Using SARIF to Enhance Your Static Analysis Toolset

Posted on May 18th, 2020

“When debugging, novices insert corrective code; experts remove defective code.”

Richard Pattis, Quotations for Learning and Programming

Advances in static analysis tools have made their use an increasingly standard and indispensible step in software QA processes. Large gains in testing efficiency and program quality result from their capability to identify a broad range of problems in software programs. However, users are still left with the challenge of eliminating the defects that these tools find. Through SARIF (Static Analysis Results Interchange Format), static analysis environments can be extended with additional tools targeting various aspects of this downstream work. Static analysis results can be imported into program understanding tools in order to examine problematic code and determine the severity of its defects. Program quality review tools can methodically guide, track and document the results of these examinations. Bug tracking tools are able to record the history of specific defects. By extending the tool environment, the benefits of static analysis tools can be carried further into your development process.

Consider how this is done using SARIF to export static analysis results from CodeSonar to Imagix 4D. A best-of-class static analysis tool, GrammaTech‘s CodeSonar is able to find a wide range of defects, ranging from use of static memory to resource mismanagement to concurrency defects. Including unique functionality for both program understanding and program quality review, Imagix 4D can be used to fully understand each finding from CodeSonar, assess the severity and urgency of a fix, and record the review results to compare against future CodeSonar runs.


The process starts with running the static analysis in CodeSonar. The analysis identifies potential defects across dozens of checks. For many of the defects, CodeSonar provides a crumb trail leading upstream to the cause of the defect.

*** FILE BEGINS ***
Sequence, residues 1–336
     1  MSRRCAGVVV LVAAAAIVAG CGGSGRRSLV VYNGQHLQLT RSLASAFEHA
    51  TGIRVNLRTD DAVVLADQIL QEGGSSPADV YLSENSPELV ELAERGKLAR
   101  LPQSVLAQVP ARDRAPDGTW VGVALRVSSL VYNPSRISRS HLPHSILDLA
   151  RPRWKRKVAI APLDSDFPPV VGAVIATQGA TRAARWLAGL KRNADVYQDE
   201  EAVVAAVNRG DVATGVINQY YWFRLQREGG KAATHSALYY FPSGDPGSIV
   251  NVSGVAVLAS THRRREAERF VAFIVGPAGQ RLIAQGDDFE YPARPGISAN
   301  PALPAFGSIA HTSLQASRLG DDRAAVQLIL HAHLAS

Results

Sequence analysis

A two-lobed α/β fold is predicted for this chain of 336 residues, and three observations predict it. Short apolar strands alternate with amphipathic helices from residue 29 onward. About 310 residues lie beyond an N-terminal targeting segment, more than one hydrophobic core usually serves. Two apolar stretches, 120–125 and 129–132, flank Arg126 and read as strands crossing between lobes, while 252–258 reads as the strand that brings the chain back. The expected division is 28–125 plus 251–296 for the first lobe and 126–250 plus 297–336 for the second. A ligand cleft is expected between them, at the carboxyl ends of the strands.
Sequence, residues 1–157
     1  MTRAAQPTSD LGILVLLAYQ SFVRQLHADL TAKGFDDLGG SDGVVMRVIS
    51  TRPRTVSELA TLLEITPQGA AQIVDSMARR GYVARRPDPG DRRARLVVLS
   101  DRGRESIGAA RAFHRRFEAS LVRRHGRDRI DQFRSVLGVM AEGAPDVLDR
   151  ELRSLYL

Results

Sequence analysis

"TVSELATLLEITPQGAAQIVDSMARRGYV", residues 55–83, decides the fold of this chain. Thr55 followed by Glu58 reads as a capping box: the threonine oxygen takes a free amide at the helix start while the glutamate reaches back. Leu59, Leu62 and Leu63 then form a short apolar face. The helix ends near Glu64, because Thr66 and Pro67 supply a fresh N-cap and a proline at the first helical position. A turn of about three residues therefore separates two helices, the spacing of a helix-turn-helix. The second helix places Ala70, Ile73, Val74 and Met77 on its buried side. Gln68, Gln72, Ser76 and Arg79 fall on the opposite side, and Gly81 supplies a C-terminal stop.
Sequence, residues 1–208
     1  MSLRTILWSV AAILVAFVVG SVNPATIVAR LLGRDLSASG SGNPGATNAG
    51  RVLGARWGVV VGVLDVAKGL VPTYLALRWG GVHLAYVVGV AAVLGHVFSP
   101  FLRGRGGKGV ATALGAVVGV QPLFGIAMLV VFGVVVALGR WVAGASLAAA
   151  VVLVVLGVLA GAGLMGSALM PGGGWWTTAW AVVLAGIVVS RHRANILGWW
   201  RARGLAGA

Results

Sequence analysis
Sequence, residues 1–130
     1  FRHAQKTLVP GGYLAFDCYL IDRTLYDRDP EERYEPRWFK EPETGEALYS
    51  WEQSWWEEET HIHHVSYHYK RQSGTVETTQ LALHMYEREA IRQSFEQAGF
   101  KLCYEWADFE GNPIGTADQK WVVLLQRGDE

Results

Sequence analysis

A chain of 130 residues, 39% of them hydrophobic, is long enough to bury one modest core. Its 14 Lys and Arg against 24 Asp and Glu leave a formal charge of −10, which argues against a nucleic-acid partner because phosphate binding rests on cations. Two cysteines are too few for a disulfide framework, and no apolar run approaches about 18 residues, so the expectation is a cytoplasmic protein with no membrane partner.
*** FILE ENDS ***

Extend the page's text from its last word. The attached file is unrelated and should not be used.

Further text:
Using the SARIF file format, Imagix 4D imports these CodeSonar results, creating a checklist that enables the methodical review of each defect. For each defect, called a probe in Imagix 4D, this starts with a display showing the specific line of source code flagged by CodeSonar. It also includes CodeSonar’s description of the defect, along with any crumb trail, called a derivation history in Imagix 4D.

With the checklist to guide the process, the interactive exploration and visualization of Imagix 4D come into play. Graphical design information aids in understanding the context of the problem location. In Figure 1, a call graph opened from the probe shows the full control flow to the location and variable of the probe, all the way down from to the program entry point ‘main()’. It’s immediately clear that the problem location can be reached over multiple paths, which increases the urgency for a fix.

Call graph of defect indicated in SARIF import
Figure 1: Call graph showing full context of problem area

Further graphical analysis provides more details to help understand how this problem can occur. In Imagix 4D, data flows display information about the statements related to the current value of a variable. They track variable dependencies across function boundaries and through parameter passing and return statements, showing all of the initializations, sets and reads of any variable, that contribute to or are impacted by a specific variable’s value. Here, the data flow displays the sequence of statements that contribute to the variable ‘file’, starting at ‘sscanf()’, the root of the problem.

Data flow diagram of critical uninitialized variable
Figure 2: Data flow for uninitialized variable

Providing more insight into the variable‚Äôs local context, a flow chart shows the internal logic for the function where ‘sscanf()’ is called. The nodes where ‘file’ is accessed are highlighted in blue, and it’s obvious that these contributing statements are in the main paths of the function. This again makes clear that the fix needs to be done here.

Flow chart of function where variable initialization is missing
Figure 3: Flow chart of function where variable initialization is missing

Upon completition of this examination, the conclusions are recorded using the review tool functionality of Imagix 4D. A rating is assigned; here the rating is set to violation, indicating that this is urgent and must be fixed. In addition, the insight that has been gained, along with any instructions to the developer, is recorded, attached as a note or series of notes to the probe representing this defect. And the checklist guides the reviewer on to the next defect.

Throughout this process, Imagix 4D provides indication of the location of, the severity of, and the progress in reviewing the defects identified by CodeSonar. A high level architectural diagram indicates the distribution of problem areas in the project, with red to green color coding indicating the probe density. Drilling down from there results in a lower-level view of the software, again using color coding to show which functions need fixes and how they fit within the global control flow.

Subssystem architecture diagrams and control flow graphs
Figure 4: Architectural and control flow displays showing problematic areas of code